Benny Waters, a saxophonist, clarinetist and singer who spent 70 years touring the world, died Aug. 11 of natural causes in Columbia, Md. He was 96.
Waters toured clubs and festivals around the world and performed as recently as June. He was known as a spirited performer, cracking jokes in different languages and scatting through vocal breaks.
Born in Brighton, Md., near Baltimore, Waters played in Charlie Miller’s band as a high school student. At the Boston Conservatory of Music, he studied theory and arranging, and gave private clarinet lessons. Among his pupils was Harry Carney, who went on to play baritone saxophone with Duke Ellington.
In 1926, Waters joined Charlie Johnson’s Paradise Band as a soloist and arranger. The band, counting among its membership the likes of Jabbo Smith, Benny Carter and Sidney De Paris, performed regularly at Small’s Paradise in Harlem and recorded until the late 1920s.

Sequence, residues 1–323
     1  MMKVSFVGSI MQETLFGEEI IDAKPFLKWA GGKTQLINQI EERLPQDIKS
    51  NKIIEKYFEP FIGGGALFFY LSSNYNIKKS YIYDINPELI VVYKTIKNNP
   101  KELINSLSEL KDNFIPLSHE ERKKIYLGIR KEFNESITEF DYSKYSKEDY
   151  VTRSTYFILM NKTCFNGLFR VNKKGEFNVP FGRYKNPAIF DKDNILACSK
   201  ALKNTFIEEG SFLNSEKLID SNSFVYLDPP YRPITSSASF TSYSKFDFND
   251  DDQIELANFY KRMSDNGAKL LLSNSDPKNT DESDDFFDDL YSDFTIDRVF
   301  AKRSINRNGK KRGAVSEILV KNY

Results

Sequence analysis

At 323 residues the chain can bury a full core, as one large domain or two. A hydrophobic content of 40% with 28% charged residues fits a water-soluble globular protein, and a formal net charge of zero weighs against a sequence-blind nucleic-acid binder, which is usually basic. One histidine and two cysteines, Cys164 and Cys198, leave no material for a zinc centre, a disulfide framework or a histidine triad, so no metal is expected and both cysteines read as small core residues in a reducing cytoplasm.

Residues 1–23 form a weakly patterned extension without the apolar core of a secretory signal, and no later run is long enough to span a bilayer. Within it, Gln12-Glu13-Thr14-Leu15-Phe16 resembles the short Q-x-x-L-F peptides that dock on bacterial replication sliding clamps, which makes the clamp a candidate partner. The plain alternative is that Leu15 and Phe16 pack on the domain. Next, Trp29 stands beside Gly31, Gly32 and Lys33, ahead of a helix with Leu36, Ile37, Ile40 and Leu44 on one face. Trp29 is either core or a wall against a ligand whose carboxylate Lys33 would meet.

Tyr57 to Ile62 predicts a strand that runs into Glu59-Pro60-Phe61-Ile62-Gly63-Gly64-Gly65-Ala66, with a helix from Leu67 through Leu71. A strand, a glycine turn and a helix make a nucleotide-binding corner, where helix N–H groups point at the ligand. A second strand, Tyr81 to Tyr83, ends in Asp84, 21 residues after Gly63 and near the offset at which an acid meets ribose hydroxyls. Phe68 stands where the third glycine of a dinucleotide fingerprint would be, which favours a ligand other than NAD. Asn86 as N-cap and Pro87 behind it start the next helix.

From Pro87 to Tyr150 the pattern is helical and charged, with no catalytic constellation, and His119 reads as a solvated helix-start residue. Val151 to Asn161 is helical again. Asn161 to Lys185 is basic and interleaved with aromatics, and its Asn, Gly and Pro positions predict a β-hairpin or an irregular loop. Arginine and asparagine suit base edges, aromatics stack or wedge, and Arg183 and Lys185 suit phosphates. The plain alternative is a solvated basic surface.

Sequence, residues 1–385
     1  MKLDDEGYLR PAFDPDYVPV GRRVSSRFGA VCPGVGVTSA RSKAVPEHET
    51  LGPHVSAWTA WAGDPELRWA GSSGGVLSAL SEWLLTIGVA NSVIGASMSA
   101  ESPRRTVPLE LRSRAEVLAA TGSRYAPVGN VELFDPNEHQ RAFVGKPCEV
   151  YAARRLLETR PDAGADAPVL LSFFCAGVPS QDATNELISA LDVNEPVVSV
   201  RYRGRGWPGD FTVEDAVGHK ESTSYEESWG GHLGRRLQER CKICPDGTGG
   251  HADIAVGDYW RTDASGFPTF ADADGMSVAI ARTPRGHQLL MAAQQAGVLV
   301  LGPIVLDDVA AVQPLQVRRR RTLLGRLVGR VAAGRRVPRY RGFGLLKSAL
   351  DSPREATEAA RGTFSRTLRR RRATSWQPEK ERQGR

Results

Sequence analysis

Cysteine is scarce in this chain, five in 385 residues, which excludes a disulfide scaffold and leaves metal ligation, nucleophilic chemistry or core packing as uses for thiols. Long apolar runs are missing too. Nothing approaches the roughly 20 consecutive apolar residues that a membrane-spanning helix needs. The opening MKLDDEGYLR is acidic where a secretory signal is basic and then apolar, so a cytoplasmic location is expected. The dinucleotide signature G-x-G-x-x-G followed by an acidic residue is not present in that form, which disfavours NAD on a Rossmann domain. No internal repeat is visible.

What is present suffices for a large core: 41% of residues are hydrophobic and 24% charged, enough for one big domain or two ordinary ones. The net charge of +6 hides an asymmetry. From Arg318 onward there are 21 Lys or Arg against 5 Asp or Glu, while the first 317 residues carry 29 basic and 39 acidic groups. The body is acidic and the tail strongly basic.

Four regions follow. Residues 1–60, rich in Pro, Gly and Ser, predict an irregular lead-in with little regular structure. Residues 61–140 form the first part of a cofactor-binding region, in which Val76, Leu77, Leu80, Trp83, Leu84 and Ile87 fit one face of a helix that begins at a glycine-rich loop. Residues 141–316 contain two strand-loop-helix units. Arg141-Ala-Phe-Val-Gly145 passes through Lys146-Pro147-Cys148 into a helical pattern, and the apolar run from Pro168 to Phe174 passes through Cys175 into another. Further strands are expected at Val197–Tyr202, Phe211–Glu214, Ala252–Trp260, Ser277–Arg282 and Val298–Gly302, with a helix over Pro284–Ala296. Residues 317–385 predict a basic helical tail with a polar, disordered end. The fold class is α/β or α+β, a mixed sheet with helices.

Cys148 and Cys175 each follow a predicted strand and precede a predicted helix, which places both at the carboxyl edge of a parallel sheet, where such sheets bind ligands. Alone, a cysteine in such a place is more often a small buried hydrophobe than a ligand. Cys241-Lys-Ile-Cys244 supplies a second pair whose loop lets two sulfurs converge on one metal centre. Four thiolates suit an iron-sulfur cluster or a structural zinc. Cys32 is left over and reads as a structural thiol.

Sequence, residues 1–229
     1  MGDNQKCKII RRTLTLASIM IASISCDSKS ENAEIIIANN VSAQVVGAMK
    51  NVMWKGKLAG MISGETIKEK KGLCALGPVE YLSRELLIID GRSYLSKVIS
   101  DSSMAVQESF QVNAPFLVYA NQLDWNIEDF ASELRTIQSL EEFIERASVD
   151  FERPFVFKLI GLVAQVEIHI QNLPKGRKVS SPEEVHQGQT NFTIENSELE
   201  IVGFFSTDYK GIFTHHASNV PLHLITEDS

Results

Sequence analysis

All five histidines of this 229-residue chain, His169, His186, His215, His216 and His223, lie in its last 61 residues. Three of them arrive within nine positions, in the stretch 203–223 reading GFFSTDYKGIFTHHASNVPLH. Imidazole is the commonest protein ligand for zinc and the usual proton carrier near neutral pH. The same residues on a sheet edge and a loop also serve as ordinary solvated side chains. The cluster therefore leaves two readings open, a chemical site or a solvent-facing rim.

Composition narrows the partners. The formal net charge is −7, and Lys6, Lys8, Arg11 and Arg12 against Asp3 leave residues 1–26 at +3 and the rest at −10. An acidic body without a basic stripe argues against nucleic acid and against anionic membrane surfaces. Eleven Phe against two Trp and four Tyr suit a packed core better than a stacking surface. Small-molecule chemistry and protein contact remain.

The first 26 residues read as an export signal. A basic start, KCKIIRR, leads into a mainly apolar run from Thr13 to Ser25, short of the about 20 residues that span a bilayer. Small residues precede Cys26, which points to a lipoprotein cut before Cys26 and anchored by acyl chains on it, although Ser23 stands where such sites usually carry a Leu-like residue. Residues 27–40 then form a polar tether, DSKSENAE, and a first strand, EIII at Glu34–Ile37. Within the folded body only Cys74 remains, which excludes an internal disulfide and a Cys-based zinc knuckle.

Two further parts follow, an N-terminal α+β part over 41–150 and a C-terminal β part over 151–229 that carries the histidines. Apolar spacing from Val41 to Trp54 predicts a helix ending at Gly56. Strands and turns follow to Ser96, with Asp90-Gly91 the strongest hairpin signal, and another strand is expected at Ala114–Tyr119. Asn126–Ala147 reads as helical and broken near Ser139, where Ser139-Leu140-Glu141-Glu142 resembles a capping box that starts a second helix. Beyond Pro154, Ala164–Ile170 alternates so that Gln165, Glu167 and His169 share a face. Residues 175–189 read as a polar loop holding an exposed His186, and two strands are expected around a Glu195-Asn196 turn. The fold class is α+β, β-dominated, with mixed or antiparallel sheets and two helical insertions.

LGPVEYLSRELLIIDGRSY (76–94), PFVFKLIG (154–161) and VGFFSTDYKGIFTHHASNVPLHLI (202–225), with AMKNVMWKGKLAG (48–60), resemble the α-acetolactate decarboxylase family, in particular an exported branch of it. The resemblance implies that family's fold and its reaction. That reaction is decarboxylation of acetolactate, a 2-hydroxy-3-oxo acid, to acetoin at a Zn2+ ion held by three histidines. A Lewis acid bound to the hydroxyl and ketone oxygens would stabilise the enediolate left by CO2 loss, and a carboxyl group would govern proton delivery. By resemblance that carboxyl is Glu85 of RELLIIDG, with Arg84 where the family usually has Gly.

In 1952, a tour with a Dixieland band led by trombonist Jimmie Archey took Waters to Europe, and he stayed, living and working primarily in Paris until 1991.
Despite an unsuccessful cataract operation, he averaged 100 dates a year. He was awarded the Legion of Honor by the French Ministry of Culture in 1996.
His most recent recording was “Birdland Birthday — Live at 95,” recorded on his 95th birthday at Birdland in Manhattan.